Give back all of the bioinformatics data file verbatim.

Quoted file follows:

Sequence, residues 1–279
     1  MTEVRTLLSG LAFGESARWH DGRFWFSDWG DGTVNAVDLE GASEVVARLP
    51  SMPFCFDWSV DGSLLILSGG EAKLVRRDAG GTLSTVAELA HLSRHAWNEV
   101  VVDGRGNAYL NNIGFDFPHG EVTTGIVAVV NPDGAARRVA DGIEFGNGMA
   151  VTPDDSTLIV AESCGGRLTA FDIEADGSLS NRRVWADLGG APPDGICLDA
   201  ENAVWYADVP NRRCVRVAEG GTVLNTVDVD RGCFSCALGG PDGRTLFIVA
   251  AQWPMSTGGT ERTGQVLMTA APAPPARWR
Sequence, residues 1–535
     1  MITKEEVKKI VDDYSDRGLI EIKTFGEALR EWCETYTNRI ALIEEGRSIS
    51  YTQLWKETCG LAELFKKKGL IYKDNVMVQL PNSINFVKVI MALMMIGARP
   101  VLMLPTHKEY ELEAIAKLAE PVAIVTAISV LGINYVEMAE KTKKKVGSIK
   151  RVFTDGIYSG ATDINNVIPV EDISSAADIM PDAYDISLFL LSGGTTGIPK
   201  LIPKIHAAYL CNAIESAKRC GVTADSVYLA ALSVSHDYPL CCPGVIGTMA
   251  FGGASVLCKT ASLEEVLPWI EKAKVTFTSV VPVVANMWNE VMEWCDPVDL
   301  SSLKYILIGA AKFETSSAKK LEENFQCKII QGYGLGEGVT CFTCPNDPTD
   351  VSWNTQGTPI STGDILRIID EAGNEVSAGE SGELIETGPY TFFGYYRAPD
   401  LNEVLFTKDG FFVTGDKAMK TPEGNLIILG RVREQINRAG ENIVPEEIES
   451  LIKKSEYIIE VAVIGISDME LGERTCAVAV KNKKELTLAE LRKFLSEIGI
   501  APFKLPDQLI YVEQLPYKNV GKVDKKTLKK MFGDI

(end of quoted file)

Sequence, residues 1–279
     1  MTEVRTLLSG LAFGESARWH DGRFWFSDWG DGTVNAVDLE GASEVVARLP
    51  SMPFCFDWSV DGSLLILSGG EAKLVRRDAG GTLSTVAELA HLSRHAWNEV
   101  VVDGRGNAYL NNIGFDFPHG EVTTGIVAVV NPDGAARRVA DGIEFGNGMA
   151  VTPDDSTLIV AESCGGRLTA FDIEADGSLS NRRVWADLGG APPDGICLDA
   201  ENAVWYADVP NRRCVRVAEG GTVLNTVDVD RGCFSCALGG PDGRTLFIVA
   251  AQWPMSTGGT ERTGQVLMTA APAPPARWR
Sequence, residues 1–535
     1  MITKEEVKKI VDDYSDRGLI EIKTFGEALR EWCETYTNRI ALIEEGRSIS
    51  YTQLWKETCG LAELFKKKGL IYKDNVMVQL PNSINFVKVI MALMMIGARP
   101  VLMLPTHKEY ELEAIAKLAE PVAIVTAISV LGINYVEMAE KTKKKVGSIK
   151  RVFTDGIYSG ATDINNVIPV EDISSAADIM PDAYDISLFL LSGGTTGIPK
   201  LIPKIHAAYL CNAIESAKRC GVTADSVYLA ALSVSHDYPL CCPGVIGTMA
   251  FGGASVLCKT ASLEEVLPWI EKAKVTFTSV VPVVANMWNE VMEWCDPVDL
   301  SSLKYILIGA AKFETSSAKK LEENFQCKII QGYGLGEGVT CFTCPNDPTD
   351  VSWNTQGTPI STGDILRIID EAGNEVSAGE SGELIETGPY TFFGYYRAPD
   401  LNEVLFTKDG FFVTGDKAMK TPEGNLIILG RVREQINRAG ENIVPEEIES
   451  LIKKSEYIIE VAVIGISDME LGERTCAVAV KNKKELTLAE LRKFLSEIGI
   501  APFKLPDQLI YVEQLPYKNV GKVDKKTLKK MFGDI